Devoted fans of this beloved book will love the descriptions of nature in each chapter. Some fans may not know that much of the setting is inspired by Nesbit’s walks to Chelsfield railway station. Nesbit lived so close to the station, and on her many excursions, she found inspiration for her scenes in the story, like the railway cutting and tunnel between Chelsfield and Knockholt. The tale of Peter, Roberta, Phyllis and their move to London is a heart-warming story that resonates long after the novel is finished. When the children’s father is wrongly imprisoned for apparent espionage, the unlikely friendship that blooms between the railway children and the old gentleman (name unknown) is touching and timeless. It is one of the greatest children’s stories that stays with you forever.
Author: Roald Dahl
First published in 1988.
So this one isn’t exactly in the centre of London per-say, but, it makes the list! What kid didn’t dream of having Matilda’s telekinetic powers? Plus, she was a rebel with a cause. Disdained by her parents, neglected by the tyrannical Miss Agatha Trunchbull, Matilda – seemingly sweet and intimidatingly smart – manifested powers so great that she could serve up a just slice of justice to the grownups who are rotten! The town in which the book is set, in Buckinghamshire, is practically like the outskirts of London suburbia. There are just so many elements and levels to Roald Dahl’s masterpiece, and though the film does feature an iconic performance from Danny DeVito, we think the book is much better.
Author: P.L. Travers
First published in 1934.
In 1934 in Burbank, London, the East wind blew in a new kind of babysitter. A magical nanny to be exact. Upon the departure of Katie Nanna from the Banks household, Mary Poppins swoops in, complete with a carpet bag (the original Room of Requirement) and agrees to take care of Jane and Michael Banks, just “until the wind changes”. Set in Edwardian London, there are noble nods to iconic associations of the era: George is proud to be an Englishman, thinking he’s ruling the roost as a junior banker in contrast to his wife, Winifred, whom herself and her fellow females are soldiers in petticoats, and dauntless crusaders for women’s votes. There’s also pavement-painters, shopkeepers and of course, chimney-sweeps, all contributing to the setting of the novel in 1910s London.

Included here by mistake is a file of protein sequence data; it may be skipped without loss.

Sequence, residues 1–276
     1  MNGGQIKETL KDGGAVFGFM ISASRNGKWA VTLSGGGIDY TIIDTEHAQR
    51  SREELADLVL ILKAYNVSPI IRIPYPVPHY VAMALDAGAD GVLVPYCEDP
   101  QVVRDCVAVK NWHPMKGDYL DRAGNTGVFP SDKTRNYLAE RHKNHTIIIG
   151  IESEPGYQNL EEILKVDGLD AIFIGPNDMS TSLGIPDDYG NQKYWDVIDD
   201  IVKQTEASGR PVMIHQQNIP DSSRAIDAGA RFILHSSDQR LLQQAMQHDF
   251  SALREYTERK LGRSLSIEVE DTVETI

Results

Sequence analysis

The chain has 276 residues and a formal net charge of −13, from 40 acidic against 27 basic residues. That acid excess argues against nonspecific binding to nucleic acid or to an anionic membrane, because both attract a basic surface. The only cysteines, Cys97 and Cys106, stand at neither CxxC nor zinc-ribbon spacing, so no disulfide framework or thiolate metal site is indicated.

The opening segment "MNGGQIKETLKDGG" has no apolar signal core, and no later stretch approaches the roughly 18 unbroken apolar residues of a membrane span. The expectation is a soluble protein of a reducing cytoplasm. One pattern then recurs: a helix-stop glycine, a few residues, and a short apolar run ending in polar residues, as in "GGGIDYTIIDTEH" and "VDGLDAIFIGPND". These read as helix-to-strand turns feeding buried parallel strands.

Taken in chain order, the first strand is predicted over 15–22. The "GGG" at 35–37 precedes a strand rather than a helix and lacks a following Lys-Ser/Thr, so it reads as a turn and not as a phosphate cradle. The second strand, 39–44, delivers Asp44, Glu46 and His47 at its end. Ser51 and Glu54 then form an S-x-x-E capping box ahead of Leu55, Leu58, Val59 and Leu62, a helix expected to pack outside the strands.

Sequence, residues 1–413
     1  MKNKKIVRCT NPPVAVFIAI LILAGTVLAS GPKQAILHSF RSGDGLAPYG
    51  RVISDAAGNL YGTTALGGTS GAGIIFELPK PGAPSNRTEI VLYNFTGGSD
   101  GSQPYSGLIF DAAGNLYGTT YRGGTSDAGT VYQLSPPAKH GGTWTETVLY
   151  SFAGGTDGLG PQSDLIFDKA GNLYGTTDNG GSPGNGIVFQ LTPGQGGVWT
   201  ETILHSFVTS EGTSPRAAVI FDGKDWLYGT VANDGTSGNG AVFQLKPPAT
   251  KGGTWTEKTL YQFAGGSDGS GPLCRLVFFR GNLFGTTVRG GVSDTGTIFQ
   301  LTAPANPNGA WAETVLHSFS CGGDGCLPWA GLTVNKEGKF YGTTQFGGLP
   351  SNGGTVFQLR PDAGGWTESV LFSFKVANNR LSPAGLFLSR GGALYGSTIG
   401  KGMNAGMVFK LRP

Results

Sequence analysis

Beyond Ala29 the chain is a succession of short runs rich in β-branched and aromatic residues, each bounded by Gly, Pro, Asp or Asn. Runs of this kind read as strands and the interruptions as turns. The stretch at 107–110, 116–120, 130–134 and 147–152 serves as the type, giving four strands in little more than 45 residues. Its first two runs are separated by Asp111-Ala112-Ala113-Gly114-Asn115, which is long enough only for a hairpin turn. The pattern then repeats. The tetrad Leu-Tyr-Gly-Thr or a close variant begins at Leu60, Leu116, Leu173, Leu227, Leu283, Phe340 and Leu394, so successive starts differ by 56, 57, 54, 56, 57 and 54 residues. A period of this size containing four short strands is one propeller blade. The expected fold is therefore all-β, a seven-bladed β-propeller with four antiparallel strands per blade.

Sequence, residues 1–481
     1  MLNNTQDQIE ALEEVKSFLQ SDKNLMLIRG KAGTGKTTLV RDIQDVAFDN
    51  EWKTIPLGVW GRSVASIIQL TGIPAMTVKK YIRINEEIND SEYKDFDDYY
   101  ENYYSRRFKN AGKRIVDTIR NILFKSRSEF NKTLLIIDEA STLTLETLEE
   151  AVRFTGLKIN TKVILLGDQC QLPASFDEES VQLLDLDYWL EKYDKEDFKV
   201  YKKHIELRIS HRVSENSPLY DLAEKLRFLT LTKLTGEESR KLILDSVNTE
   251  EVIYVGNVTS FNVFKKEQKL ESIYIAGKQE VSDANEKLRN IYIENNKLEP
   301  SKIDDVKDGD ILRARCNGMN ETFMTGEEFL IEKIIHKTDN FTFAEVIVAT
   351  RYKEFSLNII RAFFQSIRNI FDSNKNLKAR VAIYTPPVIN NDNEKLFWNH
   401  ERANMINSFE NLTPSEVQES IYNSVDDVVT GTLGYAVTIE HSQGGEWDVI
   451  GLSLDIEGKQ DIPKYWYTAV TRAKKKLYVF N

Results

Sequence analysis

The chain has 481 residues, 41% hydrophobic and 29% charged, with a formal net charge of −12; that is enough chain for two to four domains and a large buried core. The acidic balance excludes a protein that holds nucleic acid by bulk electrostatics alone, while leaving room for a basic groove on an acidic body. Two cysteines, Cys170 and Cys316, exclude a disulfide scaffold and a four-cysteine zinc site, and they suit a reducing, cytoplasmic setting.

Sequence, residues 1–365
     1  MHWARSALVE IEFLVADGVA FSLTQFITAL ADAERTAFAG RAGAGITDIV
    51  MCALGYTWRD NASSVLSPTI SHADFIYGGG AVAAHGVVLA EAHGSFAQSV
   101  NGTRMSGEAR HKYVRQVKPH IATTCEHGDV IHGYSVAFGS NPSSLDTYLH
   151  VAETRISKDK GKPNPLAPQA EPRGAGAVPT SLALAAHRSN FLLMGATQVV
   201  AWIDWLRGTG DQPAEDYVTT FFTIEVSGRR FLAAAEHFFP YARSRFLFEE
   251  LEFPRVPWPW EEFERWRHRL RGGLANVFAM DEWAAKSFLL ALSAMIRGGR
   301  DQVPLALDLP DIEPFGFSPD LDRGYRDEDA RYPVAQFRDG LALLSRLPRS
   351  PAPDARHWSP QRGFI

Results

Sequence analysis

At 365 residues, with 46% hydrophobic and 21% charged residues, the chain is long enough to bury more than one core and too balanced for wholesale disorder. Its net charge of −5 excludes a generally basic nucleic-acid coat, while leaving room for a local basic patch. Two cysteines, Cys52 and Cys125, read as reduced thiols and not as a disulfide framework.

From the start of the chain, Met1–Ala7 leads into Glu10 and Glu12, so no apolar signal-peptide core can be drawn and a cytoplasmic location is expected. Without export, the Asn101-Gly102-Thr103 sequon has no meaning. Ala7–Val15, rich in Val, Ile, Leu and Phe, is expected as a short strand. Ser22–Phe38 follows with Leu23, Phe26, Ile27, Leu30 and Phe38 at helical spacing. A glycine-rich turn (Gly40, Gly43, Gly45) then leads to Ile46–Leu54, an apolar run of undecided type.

The Hundred and One Dalmatians
Author: Dodie Smith
First published in 1956.
We all know dogs secretly communicate, but there’s actually a name for it. It’s called “Twilight Barking”. Noisy but necessary, the barks and howls travelling over the slate rooftops of London in the ’50s became the heroic form of communication that saved Missis’ and Perdie’s litters. Plus 97 other stolen and bought dalmatian pups. Dodie Smith’s The Hundred and One Dalmatians is a timeless tale of adventure that floods your heart with a maternal love for the animals, but also highlights the misuse of power. The novel stands the test of time, raising awareness to animal-rights issue widely protested against in today’s society. The ’50s was a time of post-war affluence – it’s riveting and hopeful to see Smith pull the reader’s attention towards so much more than just a nuclear family.